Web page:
AR: I loved it! I loved the whole vibe that movie had. I grew up in the 80s, I thought it was very ingenious, but again, I didn’t think of it as a quintessential horror film as much as an exercise in style and form.
AE: Horror gets a lot of criticism, it’s that low-hanging fruit as you were saying. What’s your response to folks who say that there aren’t any good horror movies these days?
AR: They’re not looking hard enough. There’s so much to see now, stuff coming out from all these different countries. Ten years ago you couldn’t even go and watch Let the Right One In in a theatre and now we’re able to do that. But I don’t really care that people say that about horror. I don’t lose sleep over it.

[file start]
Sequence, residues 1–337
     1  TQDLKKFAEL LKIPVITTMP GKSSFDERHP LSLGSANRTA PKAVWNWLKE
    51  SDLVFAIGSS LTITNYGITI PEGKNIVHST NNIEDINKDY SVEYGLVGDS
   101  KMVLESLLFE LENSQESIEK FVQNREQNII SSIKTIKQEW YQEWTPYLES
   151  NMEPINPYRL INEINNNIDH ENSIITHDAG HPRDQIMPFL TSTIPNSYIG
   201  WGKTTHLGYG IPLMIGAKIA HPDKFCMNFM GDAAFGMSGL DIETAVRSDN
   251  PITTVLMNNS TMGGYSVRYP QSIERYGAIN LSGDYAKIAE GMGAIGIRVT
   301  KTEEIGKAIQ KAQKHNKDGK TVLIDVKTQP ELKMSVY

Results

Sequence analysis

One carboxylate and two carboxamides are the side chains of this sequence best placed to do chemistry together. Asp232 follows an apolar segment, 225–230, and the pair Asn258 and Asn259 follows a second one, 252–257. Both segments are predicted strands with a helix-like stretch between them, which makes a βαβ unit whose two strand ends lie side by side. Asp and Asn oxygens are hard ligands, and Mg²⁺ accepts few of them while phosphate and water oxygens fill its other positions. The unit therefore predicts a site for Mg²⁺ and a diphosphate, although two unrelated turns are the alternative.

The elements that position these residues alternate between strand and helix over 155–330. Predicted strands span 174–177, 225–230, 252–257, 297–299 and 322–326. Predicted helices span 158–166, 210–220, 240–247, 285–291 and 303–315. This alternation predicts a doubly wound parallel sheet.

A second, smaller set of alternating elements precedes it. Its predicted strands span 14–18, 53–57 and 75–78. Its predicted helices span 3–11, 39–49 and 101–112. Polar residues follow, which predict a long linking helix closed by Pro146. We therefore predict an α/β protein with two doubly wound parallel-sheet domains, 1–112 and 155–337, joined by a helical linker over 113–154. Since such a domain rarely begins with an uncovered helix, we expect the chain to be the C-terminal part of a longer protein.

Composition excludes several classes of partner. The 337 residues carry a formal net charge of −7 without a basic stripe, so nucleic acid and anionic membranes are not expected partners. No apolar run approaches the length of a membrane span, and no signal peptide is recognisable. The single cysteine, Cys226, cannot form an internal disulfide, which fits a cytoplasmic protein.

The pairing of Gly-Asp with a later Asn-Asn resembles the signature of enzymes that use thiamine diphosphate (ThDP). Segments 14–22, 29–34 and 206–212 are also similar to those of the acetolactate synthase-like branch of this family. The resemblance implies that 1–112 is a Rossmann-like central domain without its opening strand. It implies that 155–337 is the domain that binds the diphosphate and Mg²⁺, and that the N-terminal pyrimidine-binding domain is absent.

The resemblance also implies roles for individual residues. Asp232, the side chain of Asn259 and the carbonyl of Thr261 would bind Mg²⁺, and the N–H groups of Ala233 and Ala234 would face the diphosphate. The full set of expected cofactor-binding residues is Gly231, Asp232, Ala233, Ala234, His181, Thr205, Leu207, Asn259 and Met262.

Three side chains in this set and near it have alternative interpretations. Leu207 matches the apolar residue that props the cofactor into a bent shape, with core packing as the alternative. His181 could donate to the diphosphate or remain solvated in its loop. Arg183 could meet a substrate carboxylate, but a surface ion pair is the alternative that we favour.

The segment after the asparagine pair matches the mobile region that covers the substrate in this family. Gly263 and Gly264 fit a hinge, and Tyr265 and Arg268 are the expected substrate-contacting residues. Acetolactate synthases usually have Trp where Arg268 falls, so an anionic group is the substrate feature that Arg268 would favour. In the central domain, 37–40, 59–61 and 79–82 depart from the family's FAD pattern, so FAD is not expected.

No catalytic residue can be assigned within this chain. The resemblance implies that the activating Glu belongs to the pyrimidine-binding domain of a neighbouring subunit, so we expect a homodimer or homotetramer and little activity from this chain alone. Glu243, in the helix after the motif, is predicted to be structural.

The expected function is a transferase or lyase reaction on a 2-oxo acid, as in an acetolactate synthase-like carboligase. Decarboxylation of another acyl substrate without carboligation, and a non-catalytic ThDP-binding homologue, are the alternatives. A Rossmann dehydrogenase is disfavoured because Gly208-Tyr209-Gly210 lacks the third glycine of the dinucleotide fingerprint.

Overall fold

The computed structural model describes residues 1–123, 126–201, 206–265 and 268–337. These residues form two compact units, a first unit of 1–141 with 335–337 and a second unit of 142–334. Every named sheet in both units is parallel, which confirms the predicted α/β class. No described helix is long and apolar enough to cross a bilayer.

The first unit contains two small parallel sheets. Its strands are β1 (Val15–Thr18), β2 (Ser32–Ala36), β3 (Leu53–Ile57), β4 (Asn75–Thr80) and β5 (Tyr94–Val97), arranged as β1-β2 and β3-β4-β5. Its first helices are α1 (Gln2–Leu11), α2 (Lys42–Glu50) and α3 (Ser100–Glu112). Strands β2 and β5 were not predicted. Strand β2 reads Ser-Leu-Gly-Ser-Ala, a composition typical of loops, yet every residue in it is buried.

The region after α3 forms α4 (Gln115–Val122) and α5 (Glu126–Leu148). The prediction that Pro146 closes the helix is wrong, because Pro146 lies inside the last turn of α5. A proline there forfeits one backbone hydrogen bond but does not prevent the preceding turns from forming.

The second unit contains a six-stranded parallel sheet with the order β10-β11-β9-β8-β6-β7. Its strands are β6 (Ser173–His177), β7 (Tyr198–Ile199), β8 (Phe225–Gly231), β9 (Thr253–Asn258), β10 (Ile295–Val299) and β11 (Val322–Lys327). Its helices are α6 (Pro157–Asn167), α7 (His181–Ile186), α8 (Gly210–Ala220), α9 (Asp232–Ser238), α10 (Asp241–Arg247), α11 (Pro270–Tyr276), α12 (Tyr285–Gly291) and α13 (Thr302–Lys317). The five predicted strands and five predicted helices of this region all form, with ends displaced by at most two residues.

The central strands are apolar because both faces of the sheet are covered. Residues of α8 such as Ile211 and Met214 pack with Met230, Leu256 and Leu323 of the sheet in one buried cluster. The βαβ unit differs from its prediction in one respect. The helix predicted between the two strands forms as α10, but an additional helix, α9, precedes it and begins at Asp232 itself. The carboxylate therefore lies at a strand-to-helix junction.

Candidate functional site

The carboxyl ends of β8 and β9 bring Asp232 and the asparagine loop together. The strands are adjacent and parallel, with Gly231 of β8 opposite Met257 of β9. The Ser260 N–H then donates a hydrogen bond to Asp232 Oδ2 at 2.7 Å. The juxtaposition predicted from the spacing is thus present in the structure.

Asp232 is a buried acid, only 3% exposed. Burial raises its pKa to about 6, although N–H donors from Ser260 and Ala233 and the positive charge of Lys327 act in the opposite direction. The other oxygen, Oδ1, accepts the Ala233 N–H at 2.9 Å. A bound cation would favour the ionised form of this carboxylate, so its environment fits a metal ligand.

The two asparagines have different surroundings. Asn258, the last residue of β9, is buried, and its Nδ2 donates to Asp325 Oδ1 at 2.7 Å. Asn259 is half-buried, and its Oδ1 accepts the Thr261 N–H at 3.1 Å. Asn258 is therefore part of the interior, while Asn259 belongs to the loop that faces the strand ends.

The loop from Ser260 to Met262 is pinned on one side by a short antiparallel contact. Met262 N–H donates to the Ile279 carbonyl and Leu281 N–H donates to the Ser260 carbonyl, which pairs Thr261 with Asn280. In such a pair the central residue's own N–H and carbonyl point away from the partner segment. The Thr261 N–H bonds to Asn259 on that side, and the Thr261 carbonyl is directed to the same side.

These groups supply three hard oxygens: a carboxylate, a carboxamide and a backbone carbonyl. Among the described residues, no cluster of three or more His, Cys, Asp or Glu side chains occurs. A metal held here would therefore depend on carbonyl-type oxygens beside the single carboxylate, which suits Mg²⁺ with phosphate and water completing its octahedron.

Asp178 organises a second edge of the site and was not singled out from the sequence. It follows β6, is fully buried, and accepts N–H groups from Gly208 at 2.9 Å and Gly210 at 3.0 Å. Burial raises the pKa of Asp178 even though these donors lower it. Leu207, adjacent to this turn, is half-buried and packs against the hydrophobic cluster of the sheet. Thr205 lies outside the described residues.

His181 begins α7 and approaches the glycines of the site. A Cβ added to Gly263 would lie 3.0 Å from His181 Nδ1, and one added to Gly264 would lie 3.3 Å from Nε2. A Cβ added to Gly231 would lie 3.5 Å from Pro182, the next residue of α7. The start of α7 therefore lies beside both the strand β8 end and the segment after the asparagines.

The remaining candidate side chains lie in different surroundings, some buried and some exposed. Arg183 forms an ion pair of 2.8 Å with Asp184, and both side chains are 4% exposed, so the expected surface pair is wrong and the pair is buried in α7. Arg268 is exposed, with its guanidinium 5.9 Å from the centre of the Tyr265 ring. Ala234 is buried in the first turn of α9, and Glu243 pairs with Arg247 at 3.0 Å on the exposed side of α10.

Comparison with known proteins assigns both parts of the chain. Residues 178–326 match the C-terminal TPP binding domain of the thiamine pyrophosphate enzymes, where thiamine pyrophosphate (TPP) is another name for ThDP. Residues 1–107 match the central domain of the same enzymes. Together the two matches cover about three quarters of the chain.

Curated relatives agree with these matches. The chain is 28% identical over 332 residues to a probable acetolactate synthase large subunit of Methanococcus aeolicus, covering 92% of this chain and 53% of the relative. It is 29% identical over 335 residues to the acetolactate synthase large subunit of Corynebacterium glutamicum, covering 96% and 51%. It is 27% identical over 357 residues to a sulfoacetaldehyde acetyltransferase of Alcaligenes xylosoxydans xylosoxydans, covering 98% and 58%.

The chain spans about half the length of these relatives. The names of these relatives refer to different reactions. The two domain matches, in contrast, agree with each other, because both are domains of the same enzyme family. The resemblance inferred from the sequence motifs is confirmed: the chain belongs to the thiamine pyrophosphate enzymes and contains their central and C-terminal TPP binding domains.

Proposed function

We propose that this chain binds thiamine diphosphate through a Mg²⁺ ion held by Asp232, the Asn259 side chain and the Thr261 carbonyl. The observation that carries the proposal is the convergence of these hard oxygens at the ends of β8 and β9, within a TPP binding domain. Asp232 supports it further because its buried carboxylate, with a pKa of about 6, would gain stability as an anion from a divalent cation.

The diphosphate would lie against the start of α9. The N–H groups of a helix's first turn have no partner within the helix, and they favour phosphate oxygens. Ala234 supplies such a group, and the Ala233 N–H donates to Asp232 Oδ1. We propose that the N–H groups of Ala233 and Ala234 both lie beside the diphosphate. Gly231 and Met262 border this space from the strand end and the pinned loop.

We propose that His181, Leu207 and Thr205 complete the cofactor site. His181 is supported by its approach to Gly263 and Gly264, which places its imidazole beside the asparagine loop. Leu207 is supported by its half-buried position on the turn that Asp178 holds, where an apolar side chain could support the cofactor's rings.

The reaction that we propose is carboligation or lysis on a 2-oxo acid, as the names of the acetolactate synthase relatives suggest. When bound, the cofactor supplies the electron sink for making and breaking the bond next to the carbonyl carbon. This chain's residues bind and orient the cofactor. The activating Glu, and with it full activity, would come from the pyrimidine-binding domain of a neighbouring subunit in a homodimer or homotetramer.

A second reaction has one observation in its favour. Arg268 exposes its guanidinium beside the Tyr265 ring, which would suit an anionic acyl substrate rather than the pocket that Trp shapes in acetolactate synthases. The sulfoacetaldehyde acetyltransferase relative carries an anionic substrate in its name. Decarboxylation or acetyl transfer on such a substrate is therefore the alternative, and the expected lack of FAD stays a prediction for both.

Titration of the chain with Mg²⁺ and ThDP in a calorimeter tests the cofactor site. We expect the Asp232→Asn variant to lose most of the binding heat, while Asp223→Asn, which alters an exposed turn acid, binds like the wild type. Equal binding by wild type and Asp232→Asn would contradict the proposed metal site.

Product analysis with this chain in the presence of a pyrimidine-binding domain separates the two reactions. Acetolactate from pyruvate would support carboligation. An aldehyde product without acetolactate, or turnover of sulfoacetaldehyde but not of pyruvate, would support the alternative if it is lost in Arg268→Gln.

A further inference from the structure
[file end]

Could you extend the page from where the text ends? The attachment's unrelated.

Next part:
AE: What other projects do you have coming down the line along with Paranormal Activity: The Ghost Dimension, The Bloody Benders, and that action-horror film?
AR: I’m working on a TV pilot –a big sort-of world creating TV idea that involves…well, let’s just say it involves insects. And there’s a couple of other things in development.
AE: How close is The Bloody Benders to production?
AR: We’re close. We have a company that’s interested in it and I also have a financer who’s very close to pulling the trigger. So, God willing. There’s another project that I’m looking at, but you never know until you’re hired. I’ve got a few things that are just on the cusp, but unfortunately I can’t talk about them until they’re official.
AE: Well, I’ll be keeping my eye out!
AR: Cool, dude!
Featured Images: Eagle Films/Millennium Entertainment and Paramount Pictures